“As we move forward with raising our endowment campaign for Kroc, which we are required to raise to receive the $60 million (matching grant from McDonald’s heiress Joan Kroc’s estate), it has impacted our regular operational fundraising for what we do every day.”

Woodcock said the organization will operate with an estimated $250,000 deficit this year. Its yearly budget is $8 million. Its board is in the process of strategic planning and will have to make some critical decisions this month, he said.

A chapel under construction near Kirby Whitten Road and Summer Avenue is part of a multimillion-dollar Salvation Army Adult Rehabilitation Center and Family Store project.

Last year, the Salvation Army’s income for its operations decreased 5 percent, he said, while it services increased 16 percent.

“We were able to do that in part because a year and a half ago we laid off about five workers,” Woodcock said. “We did that being able to tighten our belt and not impact the programs that we offer to the community. Now, this was before the big downturn with the economy.”

The Salvation Army shelters 200 men, women and children, operates a drug and alcohol treatment program, runs a child care center and provides other services.

While the public may have an increased awareness about the demands on Safety Net charities, people may discount the value of other nonprofits, such as those involved with the arts.

Barber, who came to Memphis from Hartford, Conn., last November to run Delta Axis, had hoped to put the organization on better financial footing with a special event. The organization was already operating in the red when she arrived. It had ended its prior fiscal year with a deficit of $82,452.

Delta Axis reported total revenue of $203,157 and expenses of $285,609, according to financial documents it filed with the IRS posted by GuideStar.

When the nonprofit opened the Power House in 2003, it received $238,272. Each year after that, the amount of grants decreased, according to the financial documents.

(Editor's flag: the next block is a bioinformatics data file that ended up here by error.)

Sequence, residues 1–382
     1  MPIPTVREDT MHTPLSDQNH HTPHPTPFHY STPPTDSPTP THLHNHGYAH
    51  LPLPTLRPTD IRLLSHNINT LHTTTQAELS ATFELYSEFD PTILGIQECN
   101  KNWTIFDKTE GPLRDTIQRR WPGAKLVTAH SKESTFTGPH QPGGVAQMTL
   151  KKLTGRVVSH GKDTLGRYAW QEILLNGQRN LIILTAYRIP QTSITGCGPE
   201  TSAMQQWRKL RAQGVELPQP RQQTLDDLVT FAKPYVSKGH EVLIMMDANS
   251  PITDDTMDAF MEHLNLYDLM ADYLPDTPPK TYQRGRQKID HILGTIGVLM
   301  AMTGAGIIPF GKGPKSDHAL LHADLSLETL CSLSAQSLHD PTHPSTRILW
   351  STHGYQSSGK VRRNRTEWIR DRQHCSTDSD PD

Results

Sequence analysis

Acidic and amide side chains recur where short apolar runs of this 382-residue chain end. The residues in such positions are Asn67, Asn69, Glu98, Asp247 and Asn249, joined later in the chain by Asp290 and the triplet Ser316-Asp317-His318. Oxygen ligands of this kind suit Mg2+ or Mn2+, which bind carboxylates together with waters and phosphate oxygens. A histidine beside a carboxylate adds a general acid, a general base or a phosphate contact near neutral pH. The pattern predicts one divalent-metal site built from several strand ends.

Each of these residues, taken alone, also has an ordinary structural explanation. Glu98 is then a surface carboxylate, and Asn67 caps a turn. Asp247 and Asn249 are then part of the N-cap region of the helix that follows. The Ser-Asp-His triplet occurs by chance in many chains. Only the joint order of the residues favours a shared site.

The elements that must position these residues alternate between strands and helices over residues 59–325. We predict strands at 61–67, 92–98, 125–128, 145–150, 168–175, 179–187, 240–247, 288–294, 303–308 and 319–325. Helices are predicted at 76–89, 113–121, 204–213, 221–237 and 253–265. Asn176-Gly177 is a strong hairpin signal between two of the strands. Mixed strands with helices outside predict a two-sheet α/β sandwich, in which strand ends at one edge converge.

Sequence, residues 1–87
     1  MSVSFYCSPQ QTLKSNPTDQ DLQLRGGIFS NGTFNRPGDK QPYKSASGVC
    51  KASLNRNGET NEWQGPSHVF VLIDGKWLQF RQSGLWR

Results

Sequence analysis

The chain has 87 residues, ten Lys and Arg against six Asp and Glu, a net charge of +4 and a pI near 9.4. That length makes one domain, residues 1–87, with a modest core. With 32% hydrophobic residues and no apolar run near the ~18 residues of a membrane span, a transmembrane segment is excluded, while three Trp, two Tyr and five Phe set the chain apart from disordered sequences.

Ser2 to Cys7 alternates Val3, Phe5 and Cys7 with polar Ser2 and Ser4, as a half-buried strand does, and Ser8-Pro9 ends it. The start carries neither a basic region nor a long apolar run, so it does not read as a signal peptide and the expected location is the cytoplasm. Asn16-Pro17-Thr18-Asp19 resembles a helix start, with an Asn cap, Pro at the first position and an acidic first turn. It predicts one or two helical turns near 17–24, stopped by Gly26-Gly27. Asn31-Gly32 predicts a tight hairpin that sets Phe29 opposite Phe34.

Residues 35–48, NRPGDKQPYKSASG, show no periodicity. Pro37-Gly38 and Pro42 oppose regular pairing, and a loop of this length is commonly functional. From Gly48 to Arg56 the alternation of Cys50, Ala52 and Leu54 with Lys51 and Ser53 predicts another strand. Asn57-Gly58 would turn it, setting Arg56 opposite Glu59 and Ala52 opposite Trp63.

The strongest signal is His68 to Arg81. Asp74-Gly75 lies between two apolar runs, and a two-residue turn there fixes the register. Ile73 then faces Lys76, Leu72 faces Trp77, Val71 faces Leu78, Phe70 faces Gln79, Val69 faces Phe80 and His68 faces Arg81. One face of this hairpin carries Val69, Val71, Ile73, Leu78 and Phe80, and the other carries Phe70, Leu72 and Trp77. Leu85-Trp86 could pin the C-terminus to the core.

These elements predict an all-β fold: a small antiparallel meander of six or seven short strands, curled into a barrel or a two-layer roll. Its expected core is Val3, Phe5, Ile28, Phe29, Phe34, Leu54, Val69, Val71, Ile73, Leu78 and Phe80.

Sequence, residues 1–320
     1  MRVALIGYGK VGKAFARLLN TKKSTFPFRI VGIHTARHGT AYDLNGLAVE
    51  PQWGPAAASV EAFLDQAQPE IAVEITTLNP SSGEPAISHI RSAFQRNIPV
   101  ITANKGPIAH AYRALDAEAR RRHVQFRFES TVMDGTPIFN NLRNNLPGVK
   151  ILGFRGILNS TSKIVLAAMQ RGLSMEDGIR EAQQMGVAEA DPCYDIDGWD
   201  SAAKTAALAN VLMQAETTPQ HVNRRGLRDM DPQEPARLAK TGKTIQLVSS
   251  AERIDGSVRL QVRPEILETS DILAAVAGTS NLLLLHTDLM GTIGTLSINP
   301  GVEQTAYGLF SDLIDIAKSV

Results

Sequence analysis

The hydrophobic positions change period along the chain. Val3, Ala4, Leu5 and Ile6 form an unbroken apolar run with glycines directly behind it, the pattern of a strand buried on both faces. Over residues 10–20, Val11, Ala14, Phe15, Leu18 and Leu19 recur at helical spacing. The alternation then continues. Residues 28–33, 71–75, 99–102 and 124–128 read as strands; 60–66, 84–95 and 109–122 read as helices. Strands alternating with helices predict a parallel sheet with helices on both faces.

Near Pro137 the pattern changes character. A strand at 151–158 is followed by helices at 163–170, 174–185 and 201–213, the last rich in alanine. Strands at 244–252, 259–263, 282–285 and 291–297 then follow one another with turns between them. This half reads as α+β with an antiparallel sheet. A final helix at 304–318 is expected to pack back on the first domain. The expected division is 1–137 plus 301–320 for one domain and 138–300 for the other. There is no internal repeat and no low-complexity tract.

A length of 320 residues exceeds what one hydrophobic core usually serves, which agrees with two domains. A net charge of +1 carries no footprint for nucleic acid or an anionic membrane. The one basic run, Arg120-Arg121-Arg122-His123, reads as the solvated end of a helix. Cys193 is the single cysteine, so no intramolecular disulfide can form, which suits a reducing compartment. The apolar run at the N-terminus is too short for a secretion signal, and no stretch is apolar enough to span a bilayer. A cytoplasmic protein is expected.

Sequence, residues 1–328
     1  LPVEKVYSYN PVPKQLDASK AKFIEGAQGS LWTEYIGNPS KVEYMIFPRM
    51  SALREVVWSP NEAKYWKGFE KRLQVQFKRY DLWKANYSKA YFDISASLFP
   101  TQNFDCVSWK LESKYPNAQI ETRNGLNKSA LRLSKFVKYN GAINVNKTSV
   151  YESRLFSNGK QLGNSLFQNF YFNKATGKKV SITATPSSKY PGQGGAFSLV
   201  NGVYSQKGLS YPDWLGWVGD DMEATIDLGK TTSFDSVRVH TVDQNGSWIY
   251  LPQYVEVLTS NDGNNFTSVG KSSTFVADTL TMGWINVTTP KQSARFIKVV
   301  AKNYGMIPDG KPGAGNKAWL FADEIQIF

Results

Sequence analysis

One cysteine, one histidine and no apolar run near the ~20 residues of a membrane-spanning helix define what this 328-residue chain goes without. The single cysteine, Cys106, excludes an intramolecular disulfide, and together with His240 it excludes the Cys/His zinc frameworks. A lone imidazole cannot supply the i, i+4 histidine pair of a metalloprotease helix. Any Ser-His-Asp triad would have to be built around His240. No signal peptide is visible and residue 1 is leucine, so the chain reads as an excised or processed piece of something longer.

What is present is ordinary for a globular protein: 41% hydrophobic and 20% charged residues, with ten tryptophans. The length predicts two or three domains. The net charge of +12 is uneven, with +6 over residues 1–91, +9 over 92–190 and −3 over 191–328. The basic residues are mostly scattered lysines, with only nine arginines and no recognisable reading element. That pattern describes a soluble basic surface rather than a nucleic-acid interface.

Barber had hoped to raise as much as $30,000 from a fundraiser.

“The whole premise was you buy a ticket, you get a canvas,” she said.

Established artists from the Mid-South and throughout the United States had agreed to paint a canvas. Ticket prices ranged from $150 to $200. The fundraiser, which was supposed to have occurred during the summer, was cancelled because the tickets didn’t sell.

“Basically, by the end of June, we sort of knew we were treading water,” Barber said.

She closed up on the last Friday of August – the day of the month when the South Main Art Trolley Tour occurs.

“We actually had plans to have an opening,” Barber said. “We were literally, probably a month ago, talking to an artist that was supposed to be coming in here.”

Considering mergers

The Alliance for Nonprofit Excellence, which has a mission of strengthening area organizations that meet community needs, did a survey earlier this year to gauge how well Memphis nonprofits are weathering the recession. The survey revealed that about half of the respondants said they would end their budget years with a deficit, and almost a third said they had no cash reserves.

Patrick Lawler, CEO of Youth Villages, looks at a spider web with Demetrius, 9, and Austin, 10, at the Bartlett Campus of Youth Villages. Youth Villages, which helps nearly 14,000 children and families in 10 states and Washington, D.C., just finalized a merger with Georgia-based Inner Harbour.

At the time of the survey, hardly any were considering mergers. That has changed in recent weeks, said Nancy McGee, the executive director of ANE. Discussions have begun between some organizations, she said, but no definite plans have been announced.

“I think those organizations that might have had a good year last year are now starting to feel some of the impact,” McGee said. “In the past, if funders have felt like there are a couple of organizations that are kind of duplicating one another, then those organizations may be starting to feel more pressure to come together, either partnering or merging. I think you’re going to see more of that. It’s not right for everybody, but in some cases it may work for the benefit of both organizations.”

The Mid-South followed a national trend when nonprofit organizations proliferated during the 1990s and into this decade. There are 331 Memphis-based charities registered with the Tennessee Secretary of State.

The number of nonprofits is much higher, according Giving Memphis 2008, a report prepared by The Center on Philanthropy at Indiana University. It estimated the number of nonprofit agencies at between 3,850 and 3,900 and also counted congregations, membership associations and clubs.